From Middle English melten, from a merger of Old English meltan (intransitive) and mieltan (transitive), both meaning “to melt, digest,” from Proto-Germanic *meltaną and *maltijaną, both from Proto-Indo-European *(s)meld- (“melt”). Cognate with Icelandic melta (“to digest”).
- Molten material, the product of melting.
- The transition of matter from a solid state to a liquid state.
- The springtime snow runoff in mountain regions.
- A melt sandwich.
- 2002, Tod Dimmick, Complete idiot's guide to 20-minute meals:
- I recently asked a group of people whether they had eaten tuna melts as a kid. Everyone remembered a version of this dish.
- (geology) Rock showing evidence of having been remelted after it originally solidified.
- Numerous samples of breccia and impact melts were recovered by drilling into the floor of the crater.
- A wax-based substance for use in an oil burner as an alternative to mixing oils and water.
- Synonym: tart
- (UK, slang, derogatory) An idiot.
- 2017, Love Island On Paper: The Official Love Island Guide to Grafting, Cracking On and Mugging Off, →ISBN, page 12:
- Over the course of this chapter on 'Love Island Essentials' we'll be charting exactly who went with who, showing you around the villa, and equipping you with the vocabulary you'll need to avoid looking like a melt and get grafting like a true Islander.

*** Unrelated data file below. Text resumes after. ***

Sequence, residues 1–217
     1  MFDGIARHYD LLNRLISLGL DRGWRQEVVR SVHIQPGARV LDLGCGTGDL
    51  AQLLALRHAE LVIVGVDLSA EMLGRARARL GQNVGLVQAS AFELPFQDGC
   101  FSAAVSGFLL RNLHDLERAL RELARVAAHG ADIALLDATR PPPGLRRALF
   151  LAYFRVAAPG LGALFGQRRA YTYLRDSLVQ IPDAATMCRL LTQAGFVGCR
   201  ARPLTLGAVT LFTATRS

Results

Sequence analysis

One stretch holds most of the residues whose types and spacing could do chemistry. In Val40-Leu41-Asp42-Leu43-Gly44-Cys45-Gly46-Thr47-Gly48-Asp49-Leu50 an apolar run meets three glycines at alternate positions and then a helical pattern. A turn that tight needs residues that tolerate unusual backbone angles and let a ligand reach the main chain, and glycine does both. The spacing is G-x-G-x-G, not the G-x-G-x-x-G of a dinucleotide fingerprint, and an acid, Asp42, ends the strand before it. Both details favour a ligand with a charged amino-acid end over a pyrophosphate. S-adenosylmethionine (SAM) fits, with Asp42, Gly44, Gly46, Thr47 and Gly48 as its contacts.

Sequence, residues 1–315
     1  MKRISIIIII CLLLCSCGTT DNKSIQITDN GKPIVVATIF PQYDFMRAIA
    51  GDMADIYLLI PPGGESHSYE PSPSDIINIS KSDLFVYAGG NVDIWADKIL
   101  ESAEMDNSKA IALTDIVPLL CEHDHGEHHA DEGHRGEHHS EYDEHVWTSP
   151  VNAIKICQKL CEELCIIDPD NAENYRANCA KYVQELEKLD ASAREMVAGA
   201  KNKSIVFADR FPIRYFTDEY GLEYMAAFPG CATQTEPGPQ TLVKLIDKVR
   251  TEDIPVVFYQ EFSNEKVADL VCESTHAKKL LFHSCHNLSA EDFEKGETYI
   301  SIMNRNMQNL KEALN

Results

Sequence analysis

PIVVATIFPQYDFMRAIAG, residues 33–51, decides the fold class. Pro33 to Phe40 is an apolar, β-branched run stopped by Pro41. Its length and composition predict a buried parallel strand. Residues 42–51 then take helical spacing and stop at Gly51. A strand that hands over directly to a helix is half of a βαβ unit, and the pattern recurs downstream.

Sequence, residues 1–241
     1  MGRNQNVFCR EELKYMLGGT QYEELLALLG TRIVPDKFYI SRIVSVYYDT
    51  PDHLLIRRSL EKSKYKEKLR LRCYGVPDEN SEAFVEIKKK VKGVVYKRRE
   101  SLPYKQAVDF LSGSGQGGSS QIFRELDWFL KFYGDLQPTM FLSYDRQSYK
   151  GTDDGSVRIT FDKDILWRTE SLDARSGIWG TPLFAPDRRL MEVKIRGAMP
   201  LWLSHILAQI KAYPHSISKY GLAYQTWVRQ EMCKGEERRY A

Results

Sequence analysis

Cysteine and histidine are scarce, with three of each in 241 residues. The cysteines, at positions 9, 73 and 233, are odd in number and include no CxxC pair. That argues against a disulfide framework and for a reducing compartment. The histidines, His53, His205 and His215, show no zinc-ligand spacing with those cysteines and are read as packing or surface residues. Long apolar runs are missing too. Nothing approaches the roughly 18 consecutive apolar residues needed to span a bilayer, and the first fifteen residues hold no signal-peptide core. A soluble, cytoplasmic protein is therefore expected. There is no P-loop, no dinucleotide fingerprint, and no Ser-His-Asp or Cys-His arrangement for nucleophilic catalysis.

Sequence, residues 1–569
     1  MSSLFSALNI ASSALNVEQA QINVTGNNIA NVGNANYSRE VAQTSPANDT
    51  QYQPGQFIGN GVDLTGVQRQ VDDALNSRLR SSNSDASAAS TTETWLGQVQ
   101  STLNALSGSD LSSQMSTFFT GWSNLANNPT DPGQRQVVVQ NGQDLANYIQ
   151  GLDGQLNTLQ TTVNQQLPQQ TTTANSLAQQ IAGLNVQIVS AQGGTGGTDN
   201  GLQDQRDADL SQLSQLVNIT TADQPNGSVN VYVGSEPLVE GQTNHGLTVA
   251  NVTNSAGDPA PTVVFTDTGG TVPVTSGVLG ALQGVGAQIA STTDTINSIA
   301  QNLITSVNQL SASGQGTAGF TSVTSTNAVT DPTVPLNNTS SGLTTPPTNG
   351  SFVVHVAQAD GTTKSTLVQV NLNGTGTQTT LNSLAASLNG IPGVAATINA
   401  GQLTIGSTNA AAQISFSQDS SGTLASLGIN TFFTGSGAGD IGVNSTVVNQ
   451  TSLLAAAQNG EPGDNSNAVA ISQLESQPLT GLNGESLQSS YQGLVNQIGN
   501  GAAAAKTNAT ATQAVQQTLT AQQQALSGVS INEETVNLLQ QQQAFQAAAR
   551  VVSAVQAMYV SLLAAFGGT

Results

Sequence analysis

- (ergative) To change (or to be changed) from a solid state to a liquid state, usually by a gradual heat.
- I melted butter to make a cake.
- When the weather is warm, the snowman will disappear; he will melt.
- (intransitive, figuratively) To dissolve, disperse, vanish.
- His troubles melted away.
- 2008 October, Davy Rothbart, “How I caught up with dad”, in Men's Health, volume 23, number 8, ISSN 1054-4836, page 110:
- I gave him a couple of Advil and, after a few minutes, urged him back onto the track. Over the next few laps his pained expression slowly melted, although he still shuffled with a slight limp.
- (transitive, figuratively) To soften, as by a warming or kindly influence; to relax; to render gentle or susceptible to mild influences; sometimes, in a bad sense, to take away the firmness of; to weaken.
- 1687, John Dryden, A Song for Cecilia's Day
- For pity melts the mind to love.
- (intransitive) To be discouraged.
- (intransitive, figuratively) To be emotionally softened or touched.
- She melted when she saw the romantic message in the Valentine's Day card.
- (intransitive, colloquial) To be very hot and sweat profusely.
- I need shade! I'm melting!
- Alternative form of